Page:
by Stephanie Smith
Every single month when the calendar icon on my phone resets to Day 1, it comes as a small shock (Just me? Or you too?). It feels like I’m never quite prepared for it, and this month more than most. Our unprecedented moment finds us all in different places facing particular fears and sorrows. Wherever this letter finds you, I hope you’re hanging in there, and thought that today we might talk about writing as a practice that can help (or at least is helping me).
We’re facing an impossible amount of input right now as we contend with the news cycle, more than the human brain knows what to do with. For every new acquisition of information, we develop an emotionally charged response, yet our processing system is too overloaded to sort and synthesize all of this toward any settled destination. With nowhere else to put all of this too-muchness, it seems our bodies simply hold it all in and keep it on the spin cycle.
That’s when we feel it, what I’ve come to call The Churn. You know what I’m talking about: that feeling in your gut, your chest, where all the nameless fears and anxious unknowns converge into a constant churn.
But here’s what I’ve learned from a personal writing practice: giving ourselves the space to name our emotions offers us authority over The Churn.
Feelings are as expansive as the high tide and can easily overtake any of us, but framing them with words is like drawing an un-crossable line in the sand. Suddenly, The Churn is contained. It has not vanished (and don’t let anyone tell you otherwise), but it is now boundaried, reassuringly so.
Naming an emotion disarms it of some of its charge. Suddenly, the unknowable churn has borders, and we can breathe a little easier.
Perhaps we find here a writing prompt for strange times we might all benefit from:
- Where are you feeling The Churn right now?
- Can you trace the feeling back to its source?
- Can you give it a name?
I’ve yet to find a more effective, satisfying practice than writing for calming The Churn. There’s a great word for this process especially when it comes to writing.
“Catharsis” echoes its Greek origins, meaning to cleanse or purify, to get the unwanted out of one’s system. This word first entered the English language as a medical term in the 18th century to describe the purging of the body and the bowels.
So now that you’ve been subjected to that inspiring meditation, I’ll tack on my translation: catharsis is about taking out your emotional trash. It’s about releasing ourselves from toxic thoughts and unchecked emotions that keep us stuck in The Churn.
Catharsis is the writer’s secret weapon for honestly and compassionately letting ourselves off the hook of the internal drama that’s been dragging us down.
Whether you are cracking open a notebook, typing into the cloud, or taking three minutes to let your thumbs do the talking in an iPhone note, the page can become your practice ring for catharsis.
Instead of letting our thoughts and emotions tumble and churn inside of us without border, writing makes a space for us to hold each tangled tension up to the light, name it for what it is, and then decide where it belongs.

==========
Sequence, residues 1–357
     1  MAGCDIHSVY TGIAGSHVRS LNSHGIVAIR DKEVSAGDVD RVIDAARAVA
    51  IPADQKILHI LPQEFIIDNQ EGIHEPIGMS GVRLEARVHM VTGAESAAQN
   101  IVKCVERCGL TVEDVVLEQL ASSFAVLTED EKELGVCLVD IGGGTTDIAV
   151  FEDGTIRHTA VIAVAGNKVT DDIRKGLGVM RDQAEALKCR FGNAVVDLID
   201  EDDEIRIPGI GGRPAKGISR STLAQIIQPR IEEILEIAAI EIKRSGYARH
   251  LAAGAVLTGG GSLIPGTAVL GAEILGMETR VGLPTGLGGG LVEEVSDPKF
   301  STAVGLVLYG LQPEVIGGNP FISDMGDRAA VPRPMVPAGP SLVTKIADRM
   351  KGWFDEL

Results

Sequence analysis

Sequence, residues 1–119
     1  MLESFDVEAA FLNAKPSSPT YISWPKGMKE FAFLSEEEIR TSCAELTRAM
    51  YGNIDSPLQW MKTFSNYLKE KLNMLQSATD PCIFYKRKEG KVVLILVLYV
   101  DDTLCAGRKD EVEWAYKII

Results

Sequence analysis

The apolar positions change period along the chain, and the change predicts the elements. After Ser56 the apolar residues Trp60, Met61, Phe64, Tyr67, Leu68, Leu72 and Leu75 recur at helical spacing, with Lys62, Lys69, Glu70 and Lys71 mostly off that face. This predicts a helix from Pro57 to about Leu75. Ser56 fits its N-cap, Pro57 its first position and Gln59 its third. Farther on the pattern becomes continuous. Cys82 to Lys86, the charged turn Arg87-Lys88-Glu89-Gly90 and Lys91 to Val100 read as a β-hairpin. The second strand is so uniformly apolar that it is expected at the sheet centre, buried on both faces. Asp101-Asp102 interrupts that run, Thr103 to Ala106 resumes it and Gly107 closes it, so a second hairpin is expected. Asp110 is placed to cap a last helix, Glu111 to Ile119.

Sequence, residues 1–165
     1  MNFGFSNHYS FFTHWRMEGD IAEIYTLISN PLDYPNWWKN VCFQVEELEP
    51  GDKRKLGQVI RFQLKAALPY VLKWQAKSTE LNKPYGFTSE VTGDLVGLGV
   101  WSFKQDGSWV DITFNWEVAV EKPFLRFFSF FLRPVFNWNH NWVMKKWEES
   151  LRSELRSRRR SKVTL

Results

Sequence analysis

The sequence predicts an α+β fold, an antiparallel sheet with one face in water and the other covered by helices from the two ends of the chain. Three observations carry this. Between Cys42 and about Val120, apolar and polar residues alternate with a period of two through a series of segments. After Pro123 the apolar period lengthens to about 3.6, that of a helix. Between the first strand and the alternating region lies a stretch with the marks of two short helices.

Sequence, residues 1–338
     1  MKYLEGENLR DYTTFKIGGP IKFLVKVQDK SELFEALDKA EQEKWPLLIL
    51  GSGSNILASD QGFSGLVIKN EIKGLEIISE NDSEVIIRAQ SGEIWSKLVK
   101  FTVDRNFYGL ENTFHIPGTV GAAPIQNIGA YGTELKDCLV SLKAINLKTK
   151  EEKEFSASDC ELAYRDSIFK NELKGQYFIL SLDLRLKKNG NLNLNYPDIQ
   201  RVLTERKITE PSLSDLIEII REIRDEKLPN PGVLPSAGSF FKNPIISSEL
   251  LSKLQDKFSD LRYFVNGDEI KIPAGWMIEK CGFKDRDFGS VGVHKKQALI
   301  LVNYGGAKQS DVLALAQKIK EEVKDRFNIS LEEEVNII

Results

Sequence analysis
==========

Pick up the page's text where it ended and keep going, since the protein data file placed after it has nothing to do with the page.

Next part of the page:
Instead of letting our fears ricochet endlessly inside of us on repeat, writing gives us an outlet.
When we take the time to translate our inner state to the page, we bump into an essential truth: we have always had the power within us to give the boot to self-talk that doesn’t serve us. Ultimately, you get to make the call, and writing reminds us of this through practice.
Finally—and this is a SUPER perk and power—writing gives us the last word. We can be as brutally honest as sanity-keeping requires in the first word, the first draft in a way, of our emotional reaction. Anything goes in the first draft. Vent away; be as petty and unpolished as you like. All is allowed.
But as we keep pressing deeper and writing forward, two things happen: first, we discover The Churn isn’t nearly as daunting as we first believed, and second, we find our strength and our stride, our very voice, to stand square to the wind and shout our counter.
The Churn is a force, it must be honestly said. But resilience can only be built through resistance, as we dare to counter the force of external realities with inner strength. And what a delicious moment that is: when resistance comes shoving, and you push back.
It’s so easy to feel helpless right now. I feel it too, in tender places. But as you approach the page this week and in the weeks ahead, I hope you will recognize your writing for what it is: a means of practicing resilience. I will if you will. And my hope for all of us is that we will trust that with every first draft, messy middle, and last word, the muscle is being made.
Until next time,
Take heart. Write on. You got this.
Stephanie Smith is the associate publisher for Zondervan Books, where she takes great joy in supporting, stretching, and championing authors as they bring the best out of their message. Stephanie lives with her husband in Tennessee, and you can catch her pop-up email newsletter for writers looking to find your angle, write like you mean it, and do it in style at www.slantletter.com.